A daily summary and commentary of events and factors that affect the global markets, with a particular emphasis on the foreign exchange markets.
Down the Homestretch
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Andrew Kositkun Foreign Exchange Head Trader
As with a lot of the European currencies, the British pound has rallied sharply against the USD over the past month although on a year-to-date basis, the pound continues to lag most of its G10 peers.
Looking forward, the view remains bearish. In the near term, the overall narrative for G10 currencies is likely to be determined by the global backdrop on a day-to-day basis. But as we move through the second half of the year, the direction of the GBP should increasingly be driven by the BoE’s monetary policy, the ability of the economy to recover from the global pandemic and Brexit negotiations that have yet to make substantial progress.
While many countries are dealing with the unprecedented shock from COVID-19, the UK has to also contend with a second shock in the form of Brexit that will lead to a fundamental shift in the UK-EU trading relationship that is unlikely to be smooth.
This double hit to the economy goes a long way in explaining why UK policy uncertainty remains high. Granted COVID-19 effects likely drive some of this uncertainty, the comparable US policy uncertainty index has retraced back down around pre-COVID levels, suggesting something other than COVID is driving UK policy uncertainty. The most logical explanation would be Brexit and the risk premium on 1-year cable options relative to G10 peers supports this.
Brexit negotiations have failed to make progress despite steps taken to intensify talks. This makes it unlikely that we will see the comprehensive and fastest trade deal in history as promised after the Referendum. While markets still expect a deal to be struck, it really is the substance of the deal that matters with markets moving beyond the binary thought of no deal is bad and a deal is good. Ultimately, a skinny deal implies the return of non-tariff barriers. So while a no deal outcome would have the most immediate negative outcome for the GBP, a skinny deal is likely also bearish.
HERE ARE THE KEY NEWS STORIES FROM OVERNIGHT:
US-China tensions continue to grab headlines. China announced that it will not accept TikTok’s sale to Microsoft and may take action if a sale is forced in what the Chinese government described as a “planned smash and grab.” Anti-China sentiment has risen on both sides of the political aisle. This makes moves against China politically beneficial and suggest we should see a ramp up in rhetoric the closer we get to November. However, China also knows Trump faces a difficult election, and the US economy remains in a fragile state so it would not be surprising if China took retaliatory measures designed to make a statement.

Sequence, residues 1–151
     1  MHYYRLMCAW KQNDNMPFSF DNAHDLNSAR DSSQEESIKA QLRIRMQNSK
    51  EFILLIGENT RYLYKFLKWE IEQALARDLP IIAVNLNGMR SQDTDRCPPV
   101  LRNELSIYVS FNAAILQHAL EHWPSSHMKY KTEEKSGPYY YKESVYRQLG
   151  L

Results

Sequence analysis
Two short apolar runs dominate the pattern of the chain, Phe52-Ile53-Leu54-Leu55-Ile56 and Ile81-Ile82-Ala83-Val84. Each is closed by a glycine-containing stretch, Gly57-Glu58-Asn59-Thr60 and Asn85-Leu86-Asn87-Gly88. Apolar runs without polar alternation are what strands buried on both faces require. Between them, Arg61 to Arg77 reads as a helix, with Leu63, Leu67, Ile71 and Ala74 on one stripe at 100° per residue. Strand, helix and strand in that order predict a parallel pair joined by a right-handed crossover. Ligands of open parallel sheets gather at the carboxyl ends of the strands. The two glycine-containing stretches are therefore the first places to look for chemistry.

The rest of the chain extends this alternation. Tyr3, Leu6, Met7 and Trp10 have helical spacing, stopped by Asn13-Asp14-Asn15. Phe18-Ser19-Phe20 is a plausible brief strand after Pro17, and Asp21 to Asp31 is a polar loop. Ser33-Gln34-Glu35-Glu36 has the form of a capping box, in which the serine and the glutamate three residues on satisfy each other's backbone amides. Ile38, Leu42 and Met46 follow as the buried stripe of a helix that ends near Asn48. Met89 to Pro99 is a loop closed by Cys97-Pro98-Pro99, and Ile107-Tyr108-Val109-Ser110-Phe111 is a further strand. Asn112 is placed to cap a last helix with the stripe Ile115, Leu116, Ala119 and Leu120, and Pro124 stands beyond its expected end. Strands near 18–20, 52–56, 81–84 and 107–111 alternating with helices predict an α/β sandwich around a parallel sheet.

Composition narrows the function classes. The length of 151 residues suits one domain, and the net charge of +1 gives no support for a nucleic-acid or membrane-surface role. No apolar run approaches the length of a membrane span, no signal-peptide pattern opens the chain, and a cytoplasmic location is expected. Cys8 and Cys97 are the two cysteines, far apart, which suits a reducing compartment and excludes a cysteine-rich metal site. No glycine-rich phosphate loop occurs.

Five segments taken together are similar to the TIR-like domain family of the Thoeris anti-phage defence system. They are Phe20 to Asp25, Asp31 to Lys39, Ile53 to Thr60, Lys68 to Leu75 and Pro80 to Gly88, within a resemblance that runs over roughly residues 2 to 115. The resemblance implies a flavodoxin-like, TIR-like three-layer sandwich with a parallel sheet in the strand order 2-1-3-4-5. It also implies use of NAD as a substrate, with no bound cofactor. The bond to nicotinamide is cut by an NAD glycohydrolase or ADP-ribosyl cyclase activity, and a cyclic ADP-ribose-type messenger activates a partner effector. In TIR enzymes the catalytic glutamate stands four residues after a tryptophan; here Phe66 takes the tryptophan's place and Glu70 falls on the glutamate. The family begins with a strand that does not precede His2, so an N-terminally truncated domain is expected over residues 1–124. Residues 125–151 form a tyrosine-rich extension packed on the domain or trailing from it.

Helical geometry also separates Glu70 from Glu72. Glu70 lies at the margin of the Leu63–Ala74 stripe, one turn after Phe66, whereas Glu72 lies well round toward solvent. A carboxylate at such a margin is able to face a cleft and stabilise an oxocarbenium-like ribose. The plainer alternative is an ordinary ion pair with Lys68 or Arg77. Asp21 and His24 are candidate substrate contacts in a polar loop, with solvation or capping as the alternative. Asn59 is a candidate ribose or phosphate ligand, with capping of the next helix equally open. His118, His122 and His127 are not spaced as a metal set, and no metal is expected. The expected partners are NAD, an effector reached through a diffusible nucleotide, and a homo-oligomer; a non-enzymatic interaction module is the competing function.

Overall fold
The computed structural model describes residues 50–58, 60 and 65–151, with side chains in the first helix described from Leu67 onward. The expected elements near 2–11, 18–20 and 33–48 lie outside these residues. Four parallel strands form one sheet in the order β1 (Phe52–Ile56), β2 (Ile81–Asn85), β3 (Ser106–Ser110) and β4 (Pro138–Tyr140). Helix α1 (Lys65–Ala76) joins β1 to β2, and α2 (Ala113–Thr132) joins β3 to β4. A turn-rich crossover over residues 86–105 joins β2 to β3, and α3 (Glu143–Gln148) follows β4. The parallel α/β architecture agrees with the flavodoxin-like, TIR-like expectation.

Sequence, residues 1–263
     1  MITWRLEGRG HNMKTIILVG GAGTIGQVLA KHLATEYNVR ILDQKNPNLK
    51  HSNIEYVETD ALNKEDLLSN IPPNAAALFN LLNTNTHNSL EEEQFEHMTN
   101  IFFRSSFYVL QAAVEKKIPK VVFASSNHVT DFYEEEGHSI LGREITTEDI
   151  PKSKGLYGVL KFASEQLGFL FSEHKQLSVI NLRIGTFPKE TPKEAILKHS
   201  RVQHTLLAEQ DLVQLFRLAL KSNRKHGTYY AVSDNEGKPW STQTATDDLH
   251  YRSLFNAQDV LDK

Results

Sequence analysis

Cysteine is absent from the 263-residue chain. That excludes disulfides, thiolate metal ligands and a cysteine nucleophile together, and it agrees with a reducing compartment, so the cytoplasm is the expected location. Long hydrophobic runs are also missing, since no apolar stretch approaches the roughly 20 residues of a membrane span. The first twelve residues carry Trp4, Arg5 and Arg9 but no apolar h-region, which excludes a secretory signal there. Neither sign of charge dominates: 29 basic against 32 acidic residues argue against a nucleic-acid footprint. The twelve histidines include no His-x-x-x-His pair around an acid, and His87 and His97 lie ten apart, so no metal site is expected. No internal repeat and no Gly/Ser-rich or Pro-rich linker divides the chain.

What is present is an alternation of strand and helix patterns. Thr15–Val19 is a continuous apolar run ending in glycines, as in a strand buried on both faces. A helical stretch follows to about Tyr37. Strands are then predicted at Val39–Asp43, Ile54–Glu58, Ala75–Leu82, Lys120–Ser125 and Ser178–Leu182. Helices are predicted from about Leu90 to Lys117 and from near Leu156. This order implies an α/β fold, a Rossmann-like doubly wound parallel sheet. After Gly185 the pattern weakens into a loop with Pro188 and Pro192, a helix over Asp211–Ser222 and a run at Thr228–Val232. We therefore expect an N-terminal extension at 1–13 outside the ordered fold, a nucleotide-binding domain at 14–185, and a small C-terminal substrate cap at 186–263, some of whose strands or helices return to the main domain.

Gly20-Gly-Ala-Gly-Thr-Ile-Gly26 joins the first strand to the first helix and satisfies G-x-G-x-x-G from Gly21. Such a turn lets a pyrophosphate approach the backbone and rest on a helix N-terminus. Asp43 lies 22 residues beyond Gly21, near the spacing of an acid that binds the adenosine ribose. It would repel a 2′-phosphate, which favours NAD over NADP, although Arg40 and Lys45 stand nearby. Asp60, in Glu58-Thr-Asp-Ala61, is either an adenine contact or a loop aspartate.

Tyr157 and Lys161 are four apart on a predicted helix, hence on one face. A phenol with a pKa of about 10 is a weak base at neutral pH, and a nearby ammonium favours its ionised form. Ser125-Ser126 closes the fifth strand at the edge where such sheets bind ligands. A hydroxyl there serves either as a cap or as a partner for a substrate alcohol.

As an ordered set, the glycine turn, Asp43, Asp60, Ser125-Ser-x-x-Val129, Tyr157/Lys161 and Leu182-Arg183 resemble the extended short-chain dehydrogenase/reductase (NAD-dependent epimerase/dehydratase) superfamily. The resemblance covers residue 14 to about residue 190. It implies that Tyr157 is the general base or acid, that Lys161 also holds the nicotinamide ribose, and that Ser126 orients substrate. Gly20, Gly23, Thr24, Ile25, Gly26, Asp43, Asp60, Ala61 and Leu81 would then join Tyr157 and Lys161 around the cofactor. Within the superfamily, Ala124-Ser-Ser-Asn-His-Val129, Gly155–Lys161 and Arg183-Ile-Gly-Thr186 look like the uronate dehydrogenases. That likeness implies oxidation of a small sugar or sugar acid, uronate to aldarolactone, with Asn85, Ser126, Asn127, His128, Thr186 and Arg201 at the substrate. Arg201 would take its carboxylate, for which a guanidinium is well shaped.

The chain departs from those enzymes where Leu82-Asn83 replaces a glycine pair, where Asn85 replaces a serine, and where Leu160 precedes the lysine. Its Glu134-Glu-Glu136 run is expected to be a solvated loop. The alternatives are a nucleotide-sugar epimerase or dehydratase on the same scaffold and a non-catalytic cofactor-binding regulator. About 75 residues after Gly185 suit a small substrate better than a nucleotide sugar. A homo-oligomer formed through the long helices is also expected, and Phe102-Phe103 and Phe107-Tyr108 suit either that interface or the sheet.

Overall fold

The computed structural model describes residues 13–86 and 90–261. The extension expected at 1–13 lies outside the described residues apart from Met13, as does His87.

US Phase 4 talks have made limited progress and will resume today. No agreement has been made on the extra unemployment aid that expired last month. The lack of progress has led to the possibility of executive action to restore the eviction moratorium and suspend the payroll tax. However, suspending the payroll tax appears to be a legal non-starter and would do nothing to help the unemployed who just lost the extra $600/week benefit.
The US Treasury announced that it expected to issue ~$950 billion in debt in Q3, which is roughly $270 billion higher than estimated back in May. This estimated borrowing number includes additional borrowing in anticipation of future legislation being passed. With the Republican plan seen as the floor and the Democratic plan seen as the ceiling, the risk is for more than expected debt to be raised.
The Reserve Bank of Australia kept its policy rate and 3-year AGB target unchanged as expected. The bank also left its 2020 growth forecast unchanged (6% contraction) and revised down its 2021 forecast slightly in light of the shutdown in Victoria. Overall, the statement skewed slightly dovish relative to the June and July ones.
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